Who is Joseph Stiglitz?
Joseph Stiglitz is a New Keynesian American economist and 2001 Nobel Prize winner in economics for his research on information asymmetry. Under the Clinton administration, Stiglitz was president of the Presidential Council of Economic Advisers (CEA). He is also a former senior vice president and chief economist of the World Bank, notably fired for expressing a dissenting opinion on World Bank policy during the 1999 riots at the WTO in Seattle.
Key points to remember
- Joseph Stiglitz is an American economist and 2001 Nobel Prize winner.
- As a New Keynesian economist, Stiglitz’s research has contributed to the understanding of how microeconomic phenomena can provide a basis for macroeconomics.
- Stiglitz’s research includes groundbreaking work on information asymmetry in many different applications, monopolistic competition and risk aversion.
As a young man, Stiglitz was the recipient of the John Bates Clark Medal, an award given to economists under the age of forty who have made substantial contributions to the field of economics in the United States. A notorious critic of the International Monetary Fund (IMF), Stiglitz has the background to support his views in his numerous positions in world economic circles, as well as the numerous articles and books he has written on his experiences with international economic issues.
Understanding Joseph Stiglitz
Born in Indiana in 1943 to an insurance salesman and a schoolteacher, Joseph Stiglitz attended Amherst College in Massachusetts and graduated in 1964. As an elder, he spent a summer at studying at MIT, where he later pursued his graduate studies and served as an assistant. professor. In 1965 he became a researcher and went to the University of Cambridge as a Fulbright fellow. From 1966 to 1970, he studied at Gonville and Caius College in Cambridge and then held teaching positions at Yale, Stanford and Princeton, before moving to Columbia University in the year 2000. Three years later , in 2003, Stiglitz was awarded the title of “University Professor”, Columbia’s highest position, and Stiglitz now teaches and lectures at Columbia, but spends much of his time on international economic issues.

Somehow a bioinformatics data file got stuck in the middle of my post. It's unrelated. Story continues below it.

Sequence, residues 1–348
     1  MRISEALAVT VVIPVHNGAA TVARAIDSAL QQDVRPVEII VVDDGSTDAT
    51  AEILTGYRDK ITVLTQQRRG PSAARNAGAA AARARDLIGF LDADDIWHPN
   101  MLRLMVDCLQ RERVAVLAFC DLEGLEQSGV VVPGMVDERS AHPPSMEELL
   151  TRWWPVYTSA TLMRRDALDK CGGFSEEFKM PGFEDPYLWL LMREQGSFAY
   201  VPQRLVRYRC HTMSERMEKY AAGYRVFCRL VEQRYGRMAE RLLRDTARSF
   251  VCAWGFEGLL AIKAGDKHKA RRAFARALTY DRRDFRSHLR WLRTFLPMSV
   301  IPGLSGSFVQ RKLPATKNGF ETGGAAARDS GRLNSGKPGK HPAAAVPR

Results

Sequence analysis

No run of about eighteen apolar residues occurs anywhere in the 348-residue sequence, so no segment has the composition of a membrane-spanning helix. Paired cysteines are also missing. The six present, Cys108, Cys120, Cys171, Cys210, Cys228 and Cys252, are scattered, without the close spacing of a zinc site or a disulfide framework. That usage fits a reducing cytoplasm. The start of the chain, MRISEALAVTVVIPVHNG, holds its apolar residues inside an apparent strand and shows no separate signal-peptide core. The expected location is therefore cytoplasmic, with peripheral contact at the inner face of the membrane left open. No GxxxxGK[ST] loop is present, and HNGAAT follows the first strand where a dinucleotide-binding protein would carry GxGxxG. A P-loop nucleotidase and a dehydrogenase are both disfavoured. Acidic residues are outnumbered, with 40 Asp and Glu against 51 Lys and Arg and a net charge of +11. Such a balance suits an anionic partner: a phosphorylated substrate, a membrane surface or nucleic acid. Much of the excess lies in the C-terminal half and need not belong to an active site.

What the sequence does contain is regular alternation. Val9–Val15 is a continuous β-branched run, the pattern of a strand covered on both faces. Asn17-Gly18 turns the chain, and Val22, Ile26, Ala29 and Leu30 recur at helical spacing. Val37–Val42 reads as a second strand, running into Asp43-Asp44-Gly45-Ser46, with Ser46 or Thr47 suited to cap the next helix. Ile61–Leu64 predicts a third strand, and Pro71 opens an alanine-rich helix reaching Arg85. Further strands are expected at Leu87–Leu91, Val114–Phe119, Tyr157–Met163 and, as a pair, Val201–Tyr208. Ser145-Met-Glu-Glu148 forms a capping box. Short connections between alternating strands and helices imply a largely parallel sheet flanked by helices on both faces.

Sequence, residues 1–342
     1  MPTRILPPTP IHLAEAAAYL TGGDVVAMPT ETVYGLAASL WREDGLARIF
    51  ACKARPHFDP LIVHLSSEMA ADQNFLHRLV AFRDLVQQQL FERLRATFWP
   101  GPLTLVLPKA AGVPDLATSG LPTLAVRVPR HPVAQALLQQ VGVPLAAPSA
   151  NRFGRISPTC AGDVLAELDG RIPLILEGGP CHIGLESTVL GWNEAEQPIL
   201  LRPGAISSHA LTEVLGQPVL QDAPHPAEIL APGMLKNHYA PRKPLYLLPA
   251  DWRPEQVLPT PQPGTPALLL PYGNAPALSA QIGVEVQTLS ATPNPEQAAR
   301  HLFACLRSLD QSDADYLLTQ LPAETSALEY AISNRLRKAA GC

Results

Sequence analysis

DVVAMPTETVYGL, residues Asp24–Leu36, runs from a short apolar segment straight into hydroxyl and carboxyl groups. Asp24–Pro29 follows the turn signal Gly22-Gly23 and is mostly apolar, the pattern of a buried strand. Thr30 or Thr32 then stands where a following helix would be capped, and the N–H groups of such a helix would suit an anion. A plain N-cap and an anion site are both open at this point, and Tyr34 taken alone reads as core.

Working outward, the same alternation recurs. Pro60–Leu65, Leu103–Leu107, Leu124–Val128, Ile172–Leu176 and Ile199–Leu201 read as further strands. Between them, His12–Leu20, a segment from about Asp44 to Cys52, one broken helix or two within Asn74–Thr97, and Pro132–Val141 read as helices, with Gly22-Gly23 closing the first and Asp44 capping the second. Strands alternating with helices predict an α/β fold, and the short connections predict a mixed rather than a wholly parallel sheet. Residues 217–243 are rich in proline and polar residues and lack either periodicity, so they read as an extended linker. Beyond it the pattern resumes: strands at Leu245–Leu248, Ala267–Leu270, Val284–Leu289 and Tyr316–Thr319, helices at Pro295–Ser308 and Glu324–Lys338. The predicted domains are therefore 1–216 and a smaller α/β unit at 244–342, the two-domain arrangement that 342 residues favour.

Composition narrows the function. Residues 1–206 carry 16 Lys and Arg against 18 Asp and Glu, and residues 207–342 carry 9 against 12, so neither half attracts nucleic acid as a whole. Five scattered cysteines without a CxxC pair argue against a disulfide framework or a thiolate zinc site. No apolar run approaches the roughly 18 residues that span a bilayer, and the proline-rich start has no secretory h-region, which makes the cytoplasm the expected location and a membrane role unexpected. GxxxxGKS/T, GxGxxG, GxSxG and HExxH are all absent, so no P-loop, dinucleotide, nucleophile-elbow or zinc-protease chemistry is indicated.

In 1979, Stiglitz was awarded the John Bates Clark Medal for economists under the age of forty who made a significant contribution to the field, based on his work on information asymmetry, risk aversion and imperfectly competitive markets. Later, Stiglitz will be awarded the Nobel Prize in Economics for his work on information asymmetry theory, including the use of filtering by insurance companies to sort customers by type in order to manage the risks. For his work, he received a shared award in 2001 with George Akerlof and Michael Spence.
In 2009, Stiglitz was appointed to the Pontifical Academy of Social Sciences, and that same year, he was appointed president of the United Nations Commission on Reforms of the International Monetary and Financial System by the President of the United Nations. In 2020, Time The magazine named Stiglitz one of the “100 most influential people in the world” and, in the same year, he also became president of the International Economic Association.